Does the TouchPad Firesale Teach Some Lessons In Pricing?

On August 18, Hewlett Packard (HPQ) announced its earnings and dropped the following bombshell:

“HP will discontinue operations for webOS devices, specifically the TouchPad and webOS phones. The devices have not met internal milestones and financial targets. HP will continue to explore options to optimize the value of webOS software going forward. “

My first thought was that I should check to see whether I can get one of those TouchPads, first released just a little over a month ago to the market, at a bargain basement discount. My father is an avid browser of the web but struggles with using a keyboard or clicking a mouse. At the right price, a tablet offers him a preferable computing alternative. I was far from alone. HP dropped the price of the TouchPad Tablet with 16GB Memory to $99.99 and the TouchPad Tablet with 32GB Memory to $149.99. Best Buy online sold out quickly and remains sold out today:

TouchPads sold out at Best Buy Online
TouchPads sold out at Best Buy Online


Lines immediately formed outside of Best Buy stores in San Francisco, CA that still had TouchPads in stock. I just called a local Best Buy to inquire about availability of the TouchPad. The recorded message began with an introduction stating that the store had sold out of TouchPads and had no plans to sell any more of them. Even retailers in the United Kingdom quickly sold out of HP TouchPads.

Clearly, consumers think these products are a steal compared to the $500 or so they would otherwise pay for competing products like Apple’s iPad, Samsung Galaxy, or RIM’s Playbook. These consumers are not concerned that they are buying a product with an operating system that has reached the end of its life and may not be supported for long. Moreover, commentary on the product indicates the TouchPad is an inferior product. From CNET (before an update to account for the product cancellation):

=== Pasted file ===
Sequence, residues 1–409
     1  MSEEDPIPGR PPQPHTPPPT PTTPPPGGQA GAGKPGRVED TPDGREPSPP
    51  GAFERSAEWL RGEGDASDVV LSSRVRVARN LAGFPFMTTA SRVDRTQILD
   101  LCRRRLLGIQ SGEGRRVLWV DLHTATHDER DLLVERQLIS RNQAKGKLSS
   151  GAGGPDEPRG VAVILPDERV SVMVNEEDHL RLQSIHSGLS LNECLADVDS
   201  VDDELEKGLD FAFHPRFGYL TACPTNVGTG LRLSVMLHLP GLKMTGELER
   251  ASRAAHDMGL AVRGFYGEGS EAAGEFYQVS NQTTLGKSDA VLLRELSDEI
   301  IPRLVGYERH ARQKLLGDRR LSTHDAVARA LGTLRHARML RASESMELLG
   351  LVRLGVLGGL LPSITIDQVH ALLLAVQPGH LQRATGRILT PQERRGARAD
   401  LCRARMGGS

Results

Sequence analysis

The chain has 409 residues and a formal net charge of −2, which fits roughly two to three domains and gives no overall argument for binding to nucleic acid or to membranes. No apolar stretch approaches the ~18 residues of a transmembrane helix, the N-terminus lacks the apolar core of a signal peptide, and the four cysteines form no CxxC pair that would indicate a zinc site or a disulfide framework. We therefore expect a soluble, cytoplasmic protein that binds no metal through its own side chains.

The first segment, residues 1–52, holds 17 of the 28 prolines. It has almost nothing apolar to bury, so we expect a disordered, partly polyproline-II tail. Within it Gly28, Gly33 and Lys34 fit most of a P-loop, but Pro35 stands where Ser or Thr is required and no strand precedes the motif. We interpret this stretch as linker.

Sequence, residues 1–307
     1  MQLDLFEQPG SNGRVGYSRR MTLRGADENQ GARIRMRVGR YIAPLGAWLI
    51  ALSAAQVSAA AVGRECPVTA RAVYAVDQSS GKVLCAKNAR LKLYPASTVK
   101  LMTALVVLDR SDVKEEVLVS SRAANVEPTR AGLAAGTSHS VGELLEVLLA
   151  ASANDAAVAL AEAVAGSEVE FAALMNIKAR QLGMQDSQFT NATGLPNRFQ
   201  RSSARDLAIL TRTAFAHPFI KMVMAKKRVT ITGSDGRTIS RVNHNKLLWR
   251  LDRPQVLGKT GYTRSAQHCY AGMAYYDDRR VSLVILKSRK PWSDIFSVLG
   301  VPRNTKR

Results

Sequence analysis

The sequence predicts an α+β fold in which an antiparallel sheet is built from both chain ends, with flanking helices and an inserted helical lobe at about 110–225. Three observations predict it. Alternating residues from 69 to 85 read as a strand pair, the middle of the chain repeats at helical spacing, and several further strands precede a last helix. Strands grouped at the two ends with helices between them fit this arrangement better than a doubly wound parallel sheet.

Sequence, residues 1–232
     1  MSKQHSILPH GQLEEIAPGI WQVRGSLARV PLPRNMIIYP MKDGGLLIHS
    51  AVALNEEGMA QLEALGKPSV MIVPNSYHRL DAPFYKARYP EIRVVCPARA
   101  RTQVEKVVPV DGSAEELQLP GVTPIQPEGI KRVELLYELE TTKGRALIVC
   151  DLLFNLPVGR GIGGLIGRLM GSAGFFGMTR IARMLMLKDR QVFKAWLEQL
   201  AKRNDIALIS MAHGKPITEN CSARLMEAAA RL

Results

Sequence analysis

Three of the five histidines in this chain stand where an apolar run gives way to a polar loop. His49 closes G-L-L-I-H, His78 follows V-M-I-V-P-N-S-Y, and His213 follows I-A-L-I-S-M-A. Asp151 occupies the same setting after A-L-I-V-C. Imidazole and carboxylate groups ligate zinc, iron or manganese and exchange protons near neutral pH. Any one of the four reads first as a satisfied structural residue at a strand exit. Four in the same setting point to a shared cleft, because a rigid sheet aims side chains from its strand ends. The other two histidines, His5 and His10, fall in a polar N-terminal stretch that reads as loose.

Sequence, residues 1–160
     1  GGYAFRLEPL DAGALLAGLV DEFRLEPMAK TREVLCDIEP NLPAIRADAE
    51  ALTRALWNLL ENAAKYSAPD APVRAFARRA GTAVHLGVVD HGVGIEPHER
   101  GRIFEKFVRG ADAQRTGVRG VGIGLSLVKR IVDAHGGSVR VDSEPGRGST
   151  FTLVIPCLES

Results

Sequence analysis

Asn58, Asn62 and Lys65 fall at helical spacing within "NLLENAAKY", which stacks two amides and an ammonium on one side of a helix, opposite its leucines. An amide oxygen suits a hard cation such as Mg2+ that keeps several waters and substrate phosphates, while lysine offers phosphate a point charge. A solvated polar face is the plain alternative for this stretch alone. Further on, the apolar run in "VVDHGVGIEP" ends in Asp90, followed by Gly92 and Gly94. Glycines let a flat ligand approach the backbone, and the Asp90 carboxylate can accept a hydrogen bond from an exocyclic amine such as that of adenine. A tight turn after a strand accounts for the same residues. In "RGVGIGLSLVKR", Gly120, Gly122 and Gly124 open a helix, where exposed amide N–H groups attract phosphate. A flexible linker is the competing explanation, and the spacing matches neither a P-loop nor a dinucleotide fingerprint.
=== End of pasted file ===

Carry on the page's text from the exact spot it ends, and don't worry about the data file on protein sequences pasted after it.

“The TouchPad would have made a great competitor for the original iPad, but its design, features, and speed put it behind today’s crop of tablet heavyweights.”

So what pricing lesson does this event teach us? addresses this question on page 2 of its article “RIM Reaffirms PlayBook Commitment After TouchPad Fire Sale.” Firstly, tablets cost $300-500 to build, so HP’s firesale is priced to clear out product – great for consumers, bad for business. The rush to buy at firesale prices affirms consumer expectations that such deals will not be seen again anytime soon. The iPad has sold about 30 million units to-date, so it does not appear Apple (AAPL) has a pricing problem relative to the competition. Competitors could consider undercutting Apple prices to gain some market share, but one analyst thinks it would take a 30% discount to compete with iPad on price. At a $350 price point, such a competitor is most likely going to lose money.

I see the opportunity in multiple layers:

  1. Somewhere below $300 is a price where consumers are willing to trade features for price. A “stripped down” tablet, perhaps focused on a few common tasks like email and web browsing could be a big hit with a lower tier of the market. This product could also be made slightly smaller, slightly slower, etc…
  2. Additional sales could come from selling a cheap product that offers additional products and services to enhance the value of the software and provide recurring revenue streams. mentions something similar regarding’s pending tablet offering. Also see “What HP’s TouchPad fire sale tells iPad rivals.”
  3. Similar to the last point, a low-cost tablet bundled with wireless services, television programming, Netflix (NFLX) subscriptions, etc… could be a huge hit.

In other words, Apple is likely to remain the feature-function leader for quite some time. HP demonstrated that when cheap enough, a large number of consumers are willing to settle for less. The competitor that matches production costs with a low-priced, “budget” offering could have the best chance to compete.

The additional challenge in this marketplace is the proliferation of hardware at many different form factors converging with the increasing ability to pack more features into less. This dynamic blurs distinctions across devices – for example, my suggestions above could end up looking like a cell phone on steroids, a mini-tablet not much different than a netbook with a larger screen, etc.. – and keeps marketers and product managers on their toes trying to manage product cannibalization as well as all the many cross-competitive pressures.